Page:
of it, and there you’re gonna stall and lose your speed. Instead, try to angle your
board on the wave to stay in the pocket. The pocket is the spot on the wave where
breaking part of the wave that meets the open green face. Most beginner riders
find it easiest angle their boards so that they face the wave with their toes, and
hold the paddle on the toes of the board. This may sound and look easy enough, but make no mistake surfing is one of the most challenging sports to learn, so be
patient and accept the fact that you’re going to do a lot of swimming before you
much surfing. I hope you found this video helpful and if you did make sure you
subscribe to our Stand Up Paddling TV YouTube channel, and stay tuned for more tips and tricks.

Antonio Breitenberg

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26 thoughts on “SUP Surfing 101

  1. alex tamayo-wolf says:

    what is a hybrid stance?

  2. Les W says:

    Thanks so much for the info, but not the annoying backing "music".

  3. Senpai says:


  4. ziobleed says:


  5. PolyNZian says:

    yup…i'm doing a lot of swimming alright but i'll get there eventually

  6. j says:

    Is this possible to do on a lake (as in the wake of a boat)? I know it's not really "true surfing" but I don't live anywhere close to an ocean or anywhere very wavy.

  7. KAIO GABRIEL says:


  8. BigErn_Mccraken says:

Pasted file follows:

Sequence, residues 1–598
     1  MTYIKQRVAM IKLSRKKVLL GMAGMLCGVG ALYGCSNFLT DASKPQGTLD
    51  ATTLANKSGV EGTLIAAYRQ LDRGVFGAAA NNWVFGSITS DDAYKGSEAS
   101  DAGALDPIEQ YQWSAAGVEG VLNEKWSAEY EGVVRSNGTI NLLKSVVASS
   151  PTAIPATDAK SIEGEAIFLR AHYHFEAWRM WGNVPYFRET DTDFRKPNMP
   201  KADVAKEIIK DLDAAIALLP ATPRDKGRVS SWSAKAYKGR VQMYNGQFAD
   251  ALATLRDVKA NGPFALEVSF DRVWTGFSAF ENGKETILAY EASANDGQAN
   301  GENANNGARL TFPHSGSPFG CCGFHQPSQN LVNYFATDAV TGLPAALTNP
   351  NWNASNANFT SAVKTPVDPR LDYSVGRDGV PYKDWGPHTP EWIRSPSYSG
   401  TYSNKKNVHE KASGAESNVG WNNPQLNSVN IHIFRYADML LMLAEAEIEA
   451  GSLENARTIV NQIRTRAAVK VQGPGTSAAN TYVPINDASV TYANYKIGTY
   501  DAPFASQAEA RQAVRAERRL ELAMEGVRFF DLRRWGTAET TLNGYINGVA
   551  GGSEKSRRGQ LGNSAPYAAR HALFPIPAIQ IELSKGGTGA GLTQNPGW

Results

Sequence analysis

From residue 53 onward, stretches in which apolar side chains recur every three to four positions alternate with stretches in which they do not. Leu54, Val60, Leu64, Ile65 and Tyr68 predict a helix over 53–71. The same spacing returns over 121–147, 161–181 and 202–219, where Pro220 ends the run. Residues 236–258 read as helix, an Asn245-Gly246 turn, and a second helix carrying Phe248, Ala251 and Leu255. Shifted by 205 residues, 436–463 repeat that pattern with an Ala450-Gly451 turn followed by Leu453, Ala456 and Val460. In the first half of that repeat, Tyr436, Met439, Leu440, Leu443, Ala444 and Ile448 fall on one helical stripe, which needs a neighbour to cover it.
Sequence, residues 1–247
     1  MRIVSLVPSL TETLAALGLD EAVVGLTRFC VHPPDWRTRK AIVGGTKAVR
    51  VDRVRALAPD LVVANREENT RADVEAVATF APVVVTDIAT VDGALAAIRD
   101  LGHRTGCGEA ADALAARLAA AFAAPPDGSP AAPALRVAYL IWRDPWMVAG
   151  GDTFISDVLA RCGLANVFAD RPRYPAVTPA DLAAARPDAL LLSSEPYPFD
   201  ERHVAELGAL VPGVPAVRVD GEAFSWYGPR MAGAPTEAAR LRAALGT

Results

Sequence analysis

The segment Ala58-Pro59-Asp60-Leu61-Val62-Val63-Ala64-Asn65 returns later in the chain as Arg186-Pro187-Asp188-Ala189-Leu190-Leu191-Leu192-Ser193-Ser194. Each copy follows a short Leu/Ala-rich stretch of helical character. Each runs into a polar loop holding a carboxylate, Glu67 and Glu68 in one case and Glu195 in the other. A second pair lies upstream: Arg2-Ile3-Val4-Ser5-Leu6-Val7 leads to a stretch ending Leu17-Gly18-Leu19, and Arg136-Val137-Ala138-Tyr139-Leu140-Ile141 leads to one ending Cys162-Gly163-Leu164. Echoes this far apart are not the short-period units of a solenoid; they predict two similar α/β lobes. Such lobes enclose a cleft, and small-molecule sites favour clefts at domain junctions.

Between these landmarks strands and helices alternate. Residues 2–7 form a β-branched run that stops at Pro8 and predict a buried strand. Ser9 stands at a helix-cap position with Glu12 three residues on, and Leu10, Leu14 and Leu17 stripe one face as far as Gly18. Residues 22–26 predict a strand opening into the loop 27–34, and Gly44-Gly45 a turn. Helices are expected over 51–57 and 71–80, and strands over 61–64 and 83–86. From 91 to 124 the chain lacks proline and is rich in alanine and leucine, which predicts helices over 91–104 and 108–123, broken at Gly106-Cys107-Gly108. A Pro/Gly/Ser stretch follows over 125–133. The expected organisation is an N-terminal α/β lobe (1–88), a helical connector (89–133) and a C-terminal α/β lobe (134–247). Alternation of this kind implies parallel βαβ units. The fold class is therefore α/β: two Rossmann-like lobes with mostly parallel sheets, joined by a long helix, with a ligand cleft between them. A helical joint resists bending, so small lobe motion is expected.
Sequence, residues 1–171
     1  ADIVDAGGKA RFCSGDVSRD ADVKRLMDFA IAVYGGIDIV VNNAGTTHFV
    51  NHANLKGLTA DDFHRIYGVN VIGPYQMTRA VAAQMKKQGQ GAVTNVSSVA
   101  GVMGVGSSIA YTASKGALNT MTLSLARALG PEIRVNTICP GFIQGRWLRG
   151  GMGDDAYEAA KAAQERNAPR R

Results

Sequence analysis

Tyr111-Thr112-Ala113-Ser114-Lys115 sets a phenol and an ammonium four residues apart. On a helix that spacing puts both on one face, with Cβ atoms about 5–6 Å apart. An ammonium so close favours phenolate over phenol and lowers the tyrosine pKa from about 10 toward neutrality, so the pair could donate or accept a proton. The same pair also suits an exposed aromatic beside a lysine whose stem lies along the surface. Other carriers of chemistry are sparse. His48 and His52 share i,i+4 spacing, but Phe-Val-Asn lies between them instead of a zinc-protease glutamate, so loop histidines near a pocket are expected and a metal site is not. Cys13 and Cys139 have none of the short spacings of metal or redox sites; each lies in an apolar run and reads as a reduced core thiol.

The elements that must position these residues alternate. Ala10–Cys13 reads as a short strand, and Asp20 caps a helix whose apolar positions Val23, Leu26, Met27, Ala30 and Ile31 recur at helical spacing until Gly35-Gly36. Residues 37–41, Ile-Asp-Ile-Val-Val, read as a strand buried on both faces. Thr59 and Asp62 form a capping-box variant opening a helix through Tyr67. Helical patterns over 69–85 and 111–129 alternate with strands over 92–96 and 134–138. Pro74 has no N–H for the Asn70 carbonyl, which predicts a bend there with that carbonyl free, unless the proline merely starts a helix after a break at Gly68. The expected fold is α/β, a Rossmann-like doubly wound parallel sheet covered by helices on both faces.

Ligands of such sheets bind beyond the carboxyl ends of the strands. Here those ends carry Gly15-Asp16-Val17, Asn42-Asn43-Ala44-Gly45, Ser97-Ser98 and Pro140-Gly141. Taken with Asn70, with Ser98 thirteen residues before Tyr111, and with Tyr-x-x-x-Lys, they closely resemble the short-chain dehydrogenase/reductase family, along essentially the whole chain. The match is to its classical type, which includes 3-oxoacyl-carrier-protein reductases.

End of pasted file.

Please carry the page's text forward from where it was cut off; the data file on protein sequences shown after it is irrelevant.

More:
It’s goes like this:pedophiles, kneeboarders, SUP surfers. In that order.

  9. Enfoque Alternativo says:

    Hello guys, hope you like this vid made in Eastern 2018.Come to train, improve your skills and have fun with us ¡ Whatsapp +51997283438

  10. Thomas Stewart says:

    I love how they say no coiled leashes and then the women is using a coiled leash. Pretty poor for a safety/instructional video!

  11. Dingo Capo says:

    biggest challenge you will always be considered a kook by many, in the line up!!!!

  12. Not a Sage says:

    everytime a paddleboarder comes my way, the spot gets that much more crowded

  13. snapjazz says:

    "Don't use a coiled leash"…well what about the girl at 2:05?

  14. Brady Terlesk says:

    fuck sups

  15. humblelongboards says:

    I've been surfing since I was 18. I'm 46 now, and my age and weight has affected me to the point I can no longer pop-up. I stopped surfing about 3 years ago. Although depressing, this is giving me hope of getting back out on the water. Any suggestions on a good brand of SUP? I weigh 230 (but I'm trying to lose the weight)

  16. drugraphics says:

    I don't get the hate that the "og surfers" are throwing at sup riders. It's the same thing. They ride long boards and they just have a paddle haha.

  17. My Tablet says:

    Wow Did u know I am goinb to do aquatics tomorrow so exciting!!!!!!!

  18. SUP Boards Review says:

    Great video as always!

  19. Anthony Maltese says:


  20. bpunlimited says:

    My sup came with a coiled leash and I've been using that for 3 years now. Not the best idea but my biggest problem is when you wipe out and the leash tangles itself so your foot can't move so you gotta take your leash off. Took me 5 mins to untangle.

  21. Janina Maria Böhler says:

    thank you very much for the good tips.

  22. Tomek Szewski says:

    Hello, whether you can swim with an oar on a surfboard I am a beginner

  23. Олег Мальцев says:

    Very nice video! Thanks a lot! I've choose the board for myself with this video!

  24. the mountain man says:

    I can’t swim n I surf alone lol I’ve made it to 30 so far

  25. the mountain man says:

    I can’t swim n I surf alone lol I’ve made it to 30 so far